Even Brazil's exceptionally popular former president, Luiz Inácio Lula da Silva, known simply as Lula, has found himself at the center of the Petrobras scandal. In March, Brazilian police raided Lula's home in São Paulo and took him into custody for inquiries concerning his alleged involvement in the kickback scheme. Lula was released hours later and decried the incident as a politically motivated show for the media. Nonetheless, the detention of such a renowned politician reflects a willingness to go after and hold those involved accountable, regardless of stature.

The scandal has reached as far as Brazilian President Dilma Rousseff's inner circle, catalyzing massive anti-government demonstrations, but Rousseff herself has not been implicated directly. However, Rousseff has been accused of violating fiscal laws to obscure the government's deficit problem, making her the subject to a widely supported impeachment process. Should the full Senate vote to put her on trial, as is expected, Rousseff could find herself suspended from office as early as this Wednesday. Vice President Michel Temer, who has avoided facing inquiry over the Petrobras affair despite widespread suspicion, would then replace her as acting president for the duration of the trial. Ironically, the man both third in line to the presidency and leading the drive for impeachment, House Speaker Eduardo Cunha, has himself been indicted for Petrobras-related crimes. As of right now, it is impossible to predict with certainty whether or not significant change will occur. But the good news is that, unlike in the not-so-distant past, Brazil is a democracy where people can openly address corruption issues. With the press relentlessly covering the Petrobras scandal, and the judiciary working tirelessly to hold those involved accountable, there is ample reason to be optimistic. The status quo of corruption that has long contaminated the soul of Brazil is finally being challenged in a meaningful way, and such a challenge, if successful, could very well prompt a new beginning for the country.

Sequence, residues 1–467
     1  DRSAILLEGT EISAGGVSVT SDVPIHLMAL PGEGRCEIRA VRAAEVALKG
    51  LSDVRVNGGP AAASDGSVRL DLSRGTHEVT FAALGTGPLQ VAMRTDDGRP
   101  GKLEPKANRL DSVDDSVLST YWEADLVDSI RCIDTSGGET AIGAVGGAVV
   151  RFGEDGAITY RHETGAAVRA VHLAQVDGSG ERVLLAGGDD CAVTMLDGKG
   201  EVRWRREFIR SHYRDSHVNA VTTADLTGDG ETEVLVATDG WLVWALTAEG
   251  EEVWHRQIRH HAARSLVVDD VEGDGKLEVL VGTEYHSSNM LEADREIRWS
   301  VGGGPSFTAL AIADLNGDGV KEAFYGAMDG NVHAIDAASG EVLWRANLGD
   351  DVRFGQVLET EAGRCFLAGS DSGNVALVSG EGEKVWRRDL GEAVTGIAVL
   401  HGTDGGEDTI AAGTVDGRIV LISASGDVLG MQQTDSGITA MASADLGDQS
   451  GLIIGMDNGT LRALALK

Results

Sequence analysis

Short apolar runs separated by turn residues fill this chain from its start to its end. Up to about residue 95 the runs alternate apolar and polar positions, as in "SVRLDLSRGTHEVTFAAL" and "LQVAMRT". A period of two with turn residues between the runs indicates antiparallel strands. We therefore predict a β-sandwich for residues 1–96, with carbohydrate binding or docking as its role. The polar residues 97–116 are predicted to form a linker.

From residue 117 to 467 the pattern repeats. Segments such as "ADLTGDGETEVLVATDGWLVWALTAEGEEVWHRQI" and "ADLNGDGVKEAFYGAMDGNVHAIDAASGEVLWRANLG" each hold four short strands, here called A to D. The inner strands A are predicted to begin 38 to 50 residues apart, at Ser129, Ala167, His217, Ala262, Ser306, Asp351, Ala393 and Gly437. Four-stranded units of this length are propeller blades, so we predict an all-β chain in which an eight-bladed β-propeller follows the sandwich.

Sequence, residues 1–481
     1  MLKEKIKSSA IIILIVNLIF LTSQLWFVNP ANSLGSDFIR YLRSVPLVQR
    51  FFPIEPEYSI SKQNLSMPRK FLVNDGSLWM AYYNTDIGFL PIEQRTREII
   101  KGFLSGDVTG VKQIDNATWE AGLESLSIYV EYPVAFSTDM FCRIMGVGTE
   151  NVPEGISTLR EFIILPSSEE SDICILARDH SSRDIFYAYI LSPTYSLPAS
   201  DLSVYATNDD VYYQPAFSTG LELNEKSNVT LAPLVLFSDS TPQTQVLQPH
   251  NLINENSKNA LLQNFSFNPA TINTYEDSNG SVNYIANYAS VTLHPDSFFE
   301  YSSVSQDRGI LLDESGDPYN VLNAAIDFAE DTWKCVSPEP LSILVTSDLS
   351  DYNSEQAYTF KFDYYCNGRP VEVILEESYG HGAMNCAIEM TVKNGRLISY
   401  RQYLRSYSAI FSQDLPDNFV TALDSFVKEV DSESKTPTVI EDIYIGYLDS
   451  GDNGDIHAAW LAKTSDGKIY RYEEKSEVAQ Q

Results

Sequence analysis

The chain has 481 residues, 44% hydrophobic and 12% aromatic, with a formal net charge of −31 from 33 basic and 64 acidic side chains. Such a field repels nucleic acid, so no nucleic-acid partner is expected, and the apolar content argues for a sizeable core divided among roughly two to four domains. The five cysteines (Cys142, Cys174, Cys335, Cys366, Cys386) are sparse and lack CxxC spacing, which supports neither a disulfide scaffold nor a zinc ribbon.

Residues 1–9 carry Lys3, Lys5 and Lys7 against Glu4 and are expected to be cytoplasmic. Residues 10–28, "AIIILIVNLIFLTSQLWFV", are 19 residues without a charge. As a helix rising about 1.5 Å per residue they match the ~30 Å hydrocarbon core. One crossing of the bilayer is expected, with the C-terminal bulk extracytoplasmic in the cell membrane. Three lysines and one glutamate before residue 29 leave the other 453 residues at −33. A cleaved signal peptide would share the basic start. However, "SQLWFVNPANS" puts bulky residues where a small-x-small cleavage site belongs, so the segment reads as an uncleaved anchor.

As Riordan Roett, director of Latin American Studies at Johns Hopkins School of Advanced International Studies, told The New York Times: "Corruption is such a part of public life [in Brazil] ... but now people are being held accountable. There is a sense that things could actually change."

Robert Souza earned an MA in International Relations from Suffolk University and is a Fellowship Editor at Young Professionals in Foreign Policy.